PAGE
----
Pattern Adaptation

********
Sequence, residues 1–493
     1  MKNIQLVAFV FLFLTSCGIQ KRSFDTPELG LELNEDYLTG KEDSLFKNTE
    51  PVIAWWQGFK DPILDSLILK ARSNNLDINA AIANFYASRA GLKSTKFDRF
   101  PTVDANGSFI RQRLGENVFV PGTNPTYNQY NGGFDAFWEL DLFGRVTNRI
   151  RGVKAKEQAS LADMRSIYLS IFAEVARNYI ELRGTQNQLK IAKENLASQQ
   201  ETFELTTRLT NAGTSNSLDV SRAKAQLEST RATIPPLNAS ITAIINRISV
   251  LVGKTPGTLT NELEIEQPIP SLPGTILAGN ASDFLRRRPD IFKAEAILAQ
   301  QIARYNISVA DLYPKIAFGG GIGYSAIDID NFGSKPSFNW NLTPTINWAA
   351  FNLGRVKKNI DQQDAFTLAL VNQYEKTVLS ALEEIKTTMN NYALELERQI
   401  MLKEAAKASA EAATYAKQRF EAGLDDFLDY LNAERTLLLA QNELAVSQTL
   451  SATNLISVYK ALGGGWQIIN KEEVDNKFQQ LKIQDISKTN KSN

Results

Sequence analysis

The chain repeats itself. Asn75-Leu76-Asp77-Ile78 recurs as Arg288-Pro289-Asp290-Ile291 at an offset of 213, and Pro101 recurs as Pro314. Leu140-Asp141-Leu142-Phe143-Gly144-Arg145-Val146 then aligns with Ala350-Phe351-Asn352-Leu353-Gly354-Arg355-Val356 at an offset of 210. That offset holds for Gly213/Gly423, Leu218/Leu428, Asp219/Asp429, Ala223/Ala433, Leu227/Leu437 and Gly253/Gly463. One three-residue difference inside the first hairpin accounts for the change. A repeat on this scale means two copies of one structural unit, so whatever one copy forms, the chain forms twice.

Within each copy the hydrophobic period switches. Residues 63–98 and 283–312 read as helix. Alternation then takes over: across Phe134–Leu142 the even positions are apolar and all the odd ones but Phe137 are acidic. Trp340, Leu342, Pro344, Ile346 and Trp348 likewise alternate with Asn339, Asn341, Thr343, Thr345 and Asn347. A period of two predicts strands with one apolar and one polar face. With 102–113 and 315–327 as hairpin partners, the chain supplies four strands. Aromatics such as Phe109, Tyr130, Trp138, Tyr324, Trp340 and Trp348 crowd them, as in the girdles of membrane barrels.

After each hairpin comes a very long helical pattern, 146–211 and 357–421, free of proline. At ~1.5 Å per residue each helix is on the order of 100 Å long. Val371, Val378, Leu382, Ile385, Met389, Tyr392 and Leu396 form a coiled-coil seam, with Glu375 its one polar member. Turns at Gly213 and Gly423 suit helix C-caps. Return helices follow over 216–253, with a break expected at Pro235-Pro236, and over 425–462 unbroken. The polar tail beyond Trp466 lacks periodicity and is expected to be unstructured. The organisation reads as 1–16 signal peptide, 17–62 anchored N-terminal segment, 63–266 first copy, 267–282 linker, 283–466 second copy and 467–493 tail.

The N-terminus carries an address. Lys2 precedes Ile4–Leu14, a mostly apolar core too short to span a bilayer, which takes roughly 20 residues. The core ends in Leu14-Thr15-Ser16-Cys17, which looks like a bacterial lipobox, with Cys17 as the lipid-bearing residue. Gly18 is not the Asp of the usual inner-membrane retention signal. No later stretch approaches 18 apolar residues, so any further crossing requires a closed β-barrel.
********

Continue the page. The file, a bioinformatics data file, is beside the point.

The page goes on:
Just back from overnight camping at Lake Eklutna.  And yes, that is the same lake featured in the photo of my teal yarn colors.  The gold of the birch trees is stunning this time of the year.  It’s full color right now;  one good wind will blow the color to the ground. And that wind is on its way.   If the sun shines before that wind comes, I’m going back to Eklutna with some garden art and hats and get some photos.  Fun.      Northern Glitter Boutique carries my new line of hat/cowl/fingerless glove/boot topper sets.  Check in out on Facebook:   https://www.facebook.com/NorthernGlitterBoutique.   Here are some of the patterns I developed.       Hey knitters, know your gauge?  Mine is loosy-goosey.  On the Sulka and size 10 Addies, I’m getting  3, ¼ stitches per inch.  Other knitters might need to use size 10, ½ needles to get that gauge.  The Sulka is plush with alpaca and air and poofs into the stich spaces.  I’ve taken a Betty Balcomb pattern, “Pacific Garter Rib with a Twist” and adapted it to the Sulka yarn I am using.  It is a free pattern online from Cascade yarns developed especially for their Pacific Yarn.  She uses a gauge of 4, ½ stitches per inch.   My yarn, at 3, ¼ stitches per inch is considerably fatter; so I need fewer stitches.  The repeat is a multiple of 8 stitches, therefore by casting on 72 stitches I am able to use her pattern with my yarn and end up with a standard size hat.   I bet the Cascade Superwash 128 would also work well with my adaptations.  Plus an additional benefit – it is machine washable and dryable.      HAT:  Using needles to obtain gauge of 3, ¼ (16 inch, size 10 for me) C/0 72. Work in the round, following the pattern.         COWL:  I used the same basic pattern to improvise a matching cowl.  C/O 100, using a16 inch size 10 circular ( or size needed to obtain gauge).  Work in the round, knitting even for 6 rounds.  Decrease 5 stitches, evenly spaced in each of the next 4 rounds – 80 stitches.  Work the Pacific Garter Rib with a Twist pattern for 4 inches, then work an inch of K2,P2 ribbing and bind off loosely.  This cowl reminds me of the Elizabethan collars worn in the Middle Ages.  The stockinette stitch at the bottom of the cowl curls and then snugs in around the neck.       FINGERLESS GLOVES:  Let’s take the pattern to yet another level.  I use the magic loop method for working gloves, socks, sleeves – all those items that are normally worked with double point needles.  So that means my stitches are divided by 2 and half are placed on each of the magic loop needles.  C/O 16 stitches on each side of 32 inch, size 10 (or size needed to obtain gauge) flexible cable needle.  Skip the ribbing and start with the pattern and work about 4 inches of Pacific Garter Rib with a Twist pattern.  Then switch to size 7 needle, and decreasing 4 stitches evenly around, begin 2, ½ inches of K1, P1 ribbing (14 stitches on each needle).  Then switch back to the larger size needles and knit 3 rounds even.  For the thumb gusset, place markers before the last stitch and after the first stitch on the magic loop needle.  Then every other round, work increases into the stitches adjacent and inside the markers, until there are 8 stitches between the markers.  Place these 8 stitches on a stitch holder. Continue to work the hand of the glove, knitting 4 more rounds even and then switch to smaller needles and work 1 inch of K1, P1 ribbing.  Be sure and bind off loosely.  With larger magic loop, pick up the 8 thumb stitches and 2 additional stitches from the hand part of the glove.  Work these 10 stitches in stockinette for 3 rounds and then change to smaller needles and K1, P1 ribbing for one inch.  Be sure and bind off loosely.  Hey, here’s a thumb hint.  Just like with socks, one can avoid those goofy holes, by picking up extra stitches on the inside of the hand and then decreasing them on the next round.  I usually pick up 4 stitches and then decrease down to 2 stitches.  Also, when adding yarn at the thumb, it helps to leave a long tail so that there is ample yarn to work with when weaving in the end.  This makes it possible to hide any holes that persist. BOOT TOPPERS:  They are the “in thing” here in Alaska.   I’m making mine about 14” around.  You can adjust the size as needed to fit the top of your boot – just remember you need to aim for a multiple of 8.  C/O 24 stitches on each side of 32 inch, size 10 (or size needed to obtain gauge) magic loop , work Pacific Garter Rib with a Twist pattern for 3 inches.  Now knit each round for 2 inches.  Switch to smaller needles and work K1, P1 ribbing for 3 inches.    10-06-13, and I have 45 hats.